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EXCERPT FROM PROFESSIONAL DJ MAGAZINE, AUGUST 2002:
SPOTLIGHT ON: DJ SKRIBBLE
by Brock Armstrong
Don't miss next month's spotlight on MARK RONSON.
Now, this is a genuine article on MARK RONSON Some of this sound familiar? :giggle: I think Dave had to actually deal with this guy when in New York.
Mark Ronson is not merely a celebrity DJ. He also inspires the artists he spins.
BY REBECCA LOUIE
If most DJs heard as many requests for songs as Mark Ronson does for work, more than just their records would spin. In a typical month, Ronson receives more than 70 job offers from popular entertainers, fashion moguls and the cultural elite. He has played everything from the White House Correspondents Dinner to the Playboy Lounge and is the celebrity DJ of the moment, someone whose name on an invitation almost guarantees the right mix of cool.
"I'll do stuff that's strait-laced if I can balance it with a premiere or record release party," says Ronson, 25, sipping merlot in a Manhattan restaurant. Dressed in dark jeans and a Stevie Wonder T-shirt, his lanky frame and runway-disheveled hair give him the appearance of a disaffected preppy. "You don't want to look like you'll say yes to anybody. You can't totally sell out."
Before spinning records became an art form, the DJ was set up in the background, close to anonymity. Big names in the '80s earned about $50 a night. But their fortunes changed once shows for live bands died out and rap crossed over. The status of the DJ soared to the point where Ronson now is in heavy rotation on Page Six and in the major glossies.
The irony is that Ronson, who pulls $2,000 an hour, now finds himself just as famous as the celebrities who hire him. He's an ex-model for Tommy Hilfiger with a huge loft in fashionable Tribeca and a set of best friends from an A-list Rolodex. In 1998, Jennifer Lopez hired him for Sean "P. Diddy" Combs' 29th birthday bash.
The son of British socialite Ann Dexter Jones and stepson of Mick Jones (guitarist for Foreigner), Ronson grew up vacationing in the Hamptons and hanging out with Paul McCartney and Bruce Springsteen at his family's Central Park West home. As a teen, he was nerdy - "bookish musically" is how he puts it - the type of kid to memorize album liner notes and pore over Billboard. Party czar Peter Gatien gave him his first professional job, in high school, working the turntables at the sprawling Club USA. Attending Vassar and then NYU, Ronson became a regular at downtown hip-hop spots where bartenders broke up fights by smacking people in the head with fire extinguishers, and soon he was fielding offers for store openings and celebrity parties. "I'm not doing the super-hard-core parties, like The Tunnel, where there are shootings and stabbings," Ronson says. "I'm kind of in between. Everybody's pretty chill. Like, half the place smokes weed, but it's not Ecstasy- or drug-driven. That's the big, big clubs."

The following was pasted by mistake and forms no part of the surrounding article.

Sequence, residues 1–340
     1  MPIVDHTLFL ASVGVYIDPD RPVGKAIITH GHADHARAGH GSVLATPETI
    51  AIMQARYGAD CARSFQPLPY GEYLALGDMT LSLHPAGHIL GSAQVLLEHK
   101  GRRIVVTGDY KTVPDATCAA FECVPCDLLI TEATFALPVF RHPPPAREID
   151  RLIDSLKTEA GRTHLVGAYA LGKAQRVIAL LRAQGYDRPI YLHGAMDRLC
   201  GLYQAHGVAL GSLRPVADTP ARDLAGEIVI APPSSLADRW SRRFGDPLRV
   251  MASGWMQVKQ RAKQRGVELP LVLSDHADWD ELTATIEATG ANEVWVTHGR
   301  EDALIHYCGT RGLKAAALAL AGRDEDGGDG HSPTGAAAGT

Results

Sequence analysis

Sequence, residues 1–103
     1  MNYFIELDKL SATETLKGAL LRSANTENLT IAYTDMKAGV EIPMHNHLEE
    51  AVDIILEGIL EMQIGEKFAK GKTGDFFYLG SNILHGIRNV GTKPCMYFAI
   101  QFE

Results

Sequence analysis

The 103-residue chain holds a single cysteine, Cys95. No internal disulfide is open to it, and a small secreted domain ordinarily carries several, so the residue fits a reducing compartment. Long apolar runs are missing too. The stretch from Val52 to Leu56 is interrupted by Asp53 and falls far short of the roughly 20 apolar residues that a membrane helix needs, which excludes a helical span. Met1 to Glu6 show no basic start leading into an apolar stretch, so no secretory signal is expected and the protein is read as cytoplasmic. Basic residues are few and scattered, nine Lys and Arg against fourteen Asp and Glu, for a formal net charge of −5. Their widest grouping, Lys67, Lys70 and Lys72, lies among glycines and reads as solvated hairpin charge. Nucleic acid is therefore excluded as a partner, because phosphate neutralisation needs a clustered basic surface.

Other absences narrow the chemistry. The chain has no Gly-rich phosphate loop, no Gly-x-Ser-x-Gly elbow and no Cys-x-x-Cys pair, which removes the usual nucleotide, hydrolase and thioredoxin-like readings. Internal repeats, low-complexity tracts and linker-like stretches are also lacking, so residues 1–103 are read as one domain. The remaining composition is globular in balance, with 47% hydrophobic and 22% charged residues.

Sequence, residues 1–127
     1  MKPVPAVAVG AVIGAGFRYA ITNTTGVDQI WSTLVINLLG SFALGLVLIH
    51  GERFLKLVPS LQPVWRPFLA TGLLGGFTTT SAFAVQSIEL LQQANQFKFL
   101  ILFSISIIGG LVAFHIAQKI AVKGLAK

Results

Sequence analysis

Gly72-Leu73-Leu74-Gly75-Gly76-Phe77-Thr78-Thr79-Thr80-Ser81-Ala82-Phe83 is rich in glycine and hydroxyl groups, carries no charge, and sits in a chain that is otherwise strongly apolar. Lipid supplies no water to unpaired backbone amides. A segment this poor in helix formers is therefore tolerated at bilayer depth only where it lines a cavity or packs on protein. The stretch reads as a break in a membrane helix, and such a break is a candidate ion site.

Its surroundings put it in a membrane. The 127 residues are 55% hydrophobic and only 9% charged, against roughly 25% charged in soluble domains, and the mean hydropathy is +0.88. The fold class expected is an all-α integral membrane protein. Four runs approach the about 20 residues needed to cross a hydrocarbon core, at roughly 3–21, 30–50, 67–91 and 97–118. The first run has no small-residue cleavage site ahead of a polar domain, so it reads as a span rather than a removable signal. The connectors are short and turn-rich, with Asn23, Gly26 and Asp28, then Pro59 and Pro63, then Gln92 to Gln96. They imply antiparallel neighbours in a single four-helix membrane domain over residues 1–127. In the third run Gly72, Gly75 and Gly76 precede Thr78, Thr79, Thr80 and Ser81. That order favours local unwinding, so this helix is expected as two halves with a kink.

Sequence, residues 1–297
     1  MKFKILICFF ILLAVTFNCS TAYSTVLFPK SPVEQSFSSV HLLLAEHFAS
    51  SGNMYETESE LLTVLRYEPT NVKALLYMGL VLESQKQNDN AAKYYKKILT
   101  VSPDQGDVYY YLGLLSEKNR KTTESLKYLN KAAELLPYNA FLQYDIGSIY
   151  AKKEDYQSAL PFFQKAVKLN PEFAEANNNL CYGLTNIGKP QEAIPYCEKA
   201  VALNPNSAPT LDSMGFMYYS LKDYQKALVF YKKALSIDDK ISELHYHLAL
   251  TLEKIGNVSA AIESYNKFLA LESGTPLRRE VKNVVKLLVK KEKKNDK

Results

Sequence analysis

Later this night, he'll play Club Cheetah, one of his two weekly New York gigs (the other is Centro-Fly). Ronson likes to roll in about 10 minutes before going on, with three or four people behind him lugging big crates of 12-inch vinyls, usually around 400. "I'm a kitchen sink DJ," he says. "I bring everything so I'm sure."
An encyclopedic record collection and fast hands aren't the only things that place Ronson a cut above the rest. Unlike most DJs, who play one type of music, or blocks of favorites, Ronson keeps clubgoers guessing what he'll drop the needle on next. He's known as much for wowing crowds with his track twists as for packing the dance floor, and he can play to diverse audiences. It's not every turntablist who can make an inspired transition from Joan Jett & the Blackhearts to M.O.P. "Every DJ can have the same hit records; it's how you play them that counts," says pioneering club and radio personality Red Alert.
But Ronson says moving the crowd just isn't what it used to be. A surplus of "model chicks" has turned the parties into "these pseudo-fabulous things where people come for the scene more than the music." That's why on most nights last summer Ronson could be found in a production room at the Hit Factory, focusing on a career as a producer. He's now working on a comedy album with Saturday Night Live standout Jimmy Fallon. "This is my new acquisition," says Ronson, holding a vintage Baldwin Fun Machine. "It's like this '70s keyboard with all these cool old sounds. It gives me inspiration." He hits the samba button and plays a set of chords from Beck's Where It's At. Being in the studio has taken some getting used to, says Ronson. He misses the thrill of experimenting live, in front of a crowd.
It's almost as if Ronson hears what others miss, a common beat or agreeable lyric that links tracks from distinct eras. He showed just how clever he is at a party two years ago: In the middle of Jay-Z's Do It Again, Ronson inserted a snippet of the intro to Big Daddy Kane's classic Ain't No Half Steppin' - hot on the heels of Jay-Z's rhyme warning against the sort of thug gimmickry to which Kane had fallen victim. It lasted only seconds, but people are still talking about it - especially Jay-Z, who was in the audience. Months later, when they ran into each other at a gym, Jay-Z told Ronson he'd "bit" Ronson's mix and performed it at Summer Jam 2000. Jay-Z had stopped the record at exactly the same point and brought Kane onstage via a hydraulic lift.
"It was the coolest feeling," Ronson says, sounding like a boy whose project just won the science fair, "to know that in playing the records I love, I inspire the artists who recorded them."
New York writer Rebecca Louie spins the Cure on her portable Crayola record player.